It could get there literally at any point, from birth, food, eating with the fingers……….

Finally, the last cancer causing (or influencing) organism on the list by the American Cancer Society is the parasite. Because there is not much information on the ACS’s website for this correlation, Dr. Simon Yu explains her take on parasites, inflammation and degenerative disease. Many doctors have known for a very long time there is a relationship between infection and cancer.

Could’ve fooled us.

Yu introduces Jean Marie Houghton, MD, Ph. D from the University of Massachusettes Medical School who has found that infectious microbes are hidden by inflammation, and in this toxic environment cancer cells can grow. Low-grade fever is one of the signs of infection, but this can be overlooked for a number of years leading to disease and chronic illness like cancer.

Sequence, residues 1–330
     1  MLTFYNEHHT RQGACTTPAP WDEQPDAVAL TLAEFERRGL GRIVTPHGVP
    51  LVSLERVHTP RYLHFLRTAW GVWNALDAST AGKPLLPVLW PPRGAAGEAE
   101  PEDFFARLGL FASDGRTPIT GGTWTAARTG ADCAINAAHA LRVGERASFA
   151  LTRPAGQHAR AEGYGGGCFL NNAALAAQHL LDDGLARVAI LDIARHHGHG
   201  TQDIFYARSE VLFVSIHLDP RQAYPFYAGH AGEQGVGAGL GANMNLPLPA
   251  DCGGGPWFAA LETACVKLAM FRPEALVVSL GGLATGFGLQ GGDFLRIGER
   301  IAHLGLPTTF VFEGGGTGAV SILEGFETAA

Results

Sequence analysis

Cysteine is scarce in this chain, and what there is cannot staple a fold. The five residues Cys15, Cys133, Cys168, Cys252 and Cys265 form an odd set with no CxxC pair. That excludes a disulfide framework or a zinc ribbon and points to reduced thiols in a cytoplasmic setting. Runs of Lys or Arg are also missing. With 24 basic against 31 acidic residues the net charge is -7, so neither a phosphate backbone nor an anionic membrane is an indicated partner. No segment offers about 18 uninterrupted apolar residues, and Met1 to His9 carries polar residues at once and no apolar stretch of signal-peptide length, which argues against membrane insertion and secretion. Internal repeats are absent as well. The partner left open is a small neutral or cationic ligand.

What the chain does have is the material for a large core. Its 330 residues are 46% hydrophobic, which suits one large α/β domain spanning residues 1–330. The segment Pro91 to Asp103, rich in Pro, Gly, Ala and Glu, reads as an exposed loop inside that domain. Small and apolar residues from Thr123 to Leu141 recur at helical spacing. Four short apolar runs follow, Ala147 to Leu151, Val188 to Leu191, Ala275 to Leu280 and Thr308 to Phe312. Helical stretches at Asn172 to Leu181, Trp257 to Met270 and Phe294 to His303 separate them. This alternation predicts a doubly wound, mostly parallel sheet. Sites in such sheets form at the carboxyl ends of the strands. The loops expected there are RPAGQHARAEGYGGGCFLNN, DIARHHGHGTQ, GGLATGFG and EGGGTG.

There is a bridge between Dr. Simon Yu’s research and the research done at the American Cancer Society. The ACS clearly states that the effect which germs play on cancer in people is an indirect role. Germs will cause an inflammatory response and will weaken a person’s immune system. Cancer is usually caused by mutations in our DNA from sun exposure, or cigarette smoke, car oil, and anything named to be a carcinogen (or have YET to be named).

Reassuring.
It isn’t the mutations actually, it’s the body’s inability to clear them as usual.